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[CHECK] tension problem a little help

  1. May 1, 2008 #1
    [CHECK] tension problem!! a little help

    A 2.0 kg ball is attached to a vertical post with two strings, one 2.0 m long and the other 1.0 m long as shown in the figure. If the ball is set whirling in a horizontal circle, what is the minimum speed necessary for the lower string to be taught? If the ball has a constant speed of 6 ms-1, find the tension on each string.


    |\
    | \
    | \ -2.0m
    | \
    | \
    |----0 -2.0kg
    |
    | ^1m


    For the first part, figured that the 2m string has two components of tension Tsin60 and Tcos60.
    Tsin60=mg=19.6
    Tcos60=mv^2/r=2v^2
    tan60=19.6/2v^2
    v=5.66 m/s

    is that right? I calculated the angle that the 2m string made w/ the x-axis and went from there...

    Now..for the second part..
    i figured that the tension in the 1m string is the centripital force which is:
    T=mv^2/r=2*36/1= 72N
    Now for the second string..what would the tension be?
    i'm guessing i have to use the Tsin60 and the Tcos60
    Tsin60=19.6N
    Tcos60=72N
    T=sqrt(19.6^2+72^2)
    T=74.6N

    I hope this is right, i did all the work, i'm just looking for confirmation please
     
  2. jcsd
  3. May 1, 2008 #2

    tiny-tim

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    Hi warmfire540! :smile:

    How far apart are the ends of the two strings? :confused:
     
  4. May 1, 2008 #3
    They are 1.73m apart using pythagorean's theorem
     
  5. May 2, 2008 #4

    tiny-tim

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    Hi warmfire540! :smile:

    I asked because your diagram doesn't look like that!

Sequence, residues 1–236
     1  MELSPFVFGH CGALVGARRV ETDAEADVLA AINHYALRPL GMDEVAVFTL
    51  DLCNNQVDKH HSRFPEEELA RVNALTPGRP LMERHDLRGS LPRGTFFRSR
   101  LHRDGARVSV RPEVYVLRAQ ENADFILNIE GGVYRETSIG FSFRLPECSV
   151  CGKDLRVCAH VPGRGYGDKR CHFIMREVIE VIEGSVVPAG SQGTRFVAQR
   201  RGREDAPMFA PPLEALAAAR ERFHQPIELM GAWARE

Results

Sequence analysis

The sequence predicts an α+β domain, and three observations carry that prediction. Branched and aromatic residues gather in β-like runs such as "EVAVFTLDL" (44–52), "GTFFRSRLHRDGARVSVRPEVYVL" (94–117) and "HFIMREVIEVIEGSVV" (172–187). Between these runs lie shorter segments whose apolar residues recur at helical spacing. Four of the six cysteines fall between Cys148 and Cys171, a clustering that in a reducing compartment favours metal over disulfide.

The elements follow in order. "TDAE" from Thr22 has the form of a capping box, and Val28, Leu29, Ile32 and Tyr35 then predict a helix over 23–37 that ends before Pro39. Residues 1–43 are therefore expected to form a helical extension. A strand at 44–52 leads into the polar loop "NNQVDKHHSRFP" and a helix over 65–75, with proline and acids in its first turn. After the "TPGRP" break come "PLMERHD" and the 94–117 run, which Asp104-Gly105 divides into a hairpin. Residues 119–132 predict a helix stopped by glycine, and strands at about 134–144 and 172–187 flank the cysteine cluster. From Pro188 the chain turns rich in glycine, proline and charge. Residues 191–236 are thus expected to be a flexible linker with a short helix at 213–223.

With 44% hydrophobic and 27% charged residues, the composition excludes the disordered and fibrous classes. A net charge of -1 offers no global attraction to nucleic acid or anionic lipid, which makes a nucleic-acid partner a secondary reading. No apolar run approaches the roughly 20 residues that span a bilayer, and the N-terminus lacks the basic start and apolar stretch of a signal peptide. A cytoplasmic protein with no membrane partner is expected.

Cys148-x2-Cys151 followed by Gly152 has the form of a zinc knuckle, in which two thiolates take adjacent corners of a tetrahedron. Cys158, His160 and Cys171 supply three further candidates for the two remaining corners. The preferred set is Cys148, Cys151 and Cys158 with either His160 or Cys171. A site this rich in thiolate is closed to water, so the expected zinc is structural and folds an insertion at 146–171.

That's fine … except you forgot to take the square-root. :rolleyes:
    Nooo … the centripetal acceleration is matched by the horizontal components of all the forces … in this case, the tensions in both strings.

    Try again! :smile:
     
  6. May 2, 2008 #5
    Hmm, i got v^2=19.6/2tan60
    v^2=5.66
    v=2.38m/s



    So, i don't understand then what the centripital force would be, how does the 2m string interfere with this? are my tensions wrong for part 2? Do i have part 1 right at least?

    THANKS!!
    -warmfire540
     
  7. May 2, 2008 #6

    tiny-tim

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    Hi warmfire540! :smile:

    Yes, part 1 is right now! :smile:

    For part 2, do the vertical components first … that gives you the tension in the top string, doesn't it?

    Then do the horizontal components. :smile:
     
  8. May 2, 2008 #7
    Well..the vertical component for the 2m string is:
    Tsin60

    for the 1m string
    None

    The horizontal component for the 2m string is:
    Tcos60

    for the 1m string
    mv^2/r

    Now what? how would i figure out the tensions in each string?
     
  9. May 3, 2008 #8

    tiny-tim

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    unknowns

    Hi warmfire540! :smile:

    You really don't get unknowns, do you?

    For problems like this, draw a clear diagram.

    Label all the known lengths, forces, etc with numbers.

    Label all the unknown ones with letters.

    It's the only way to do it without making mistakes.

    In this case, you've already labelled the tension in the top string T.

    So label the tension in the bottom string U (for want of a better letter).

    Then instead of:
    you should write:
    The horizontal component for the 1m string
    U

    You now have two equations … on the left-hand of each, are the total components forces in each direction … on the right-hand side, the acceleration in that direction! :smile:

    Don't try to do these things in your head, or make assumptions … in this case, you somehow assumed the 1m string was supplying the centripetal acceleration, and because you hadn't given it a letter, you couldn't see a way out of it!​
     
  10. May 3, 2008 #9
    So, given v=6m/s how would i find the two tensions on the strings
    I suppose now i don't understand ALL the forces that are acting on both strings
    I have drawings down but still don't get it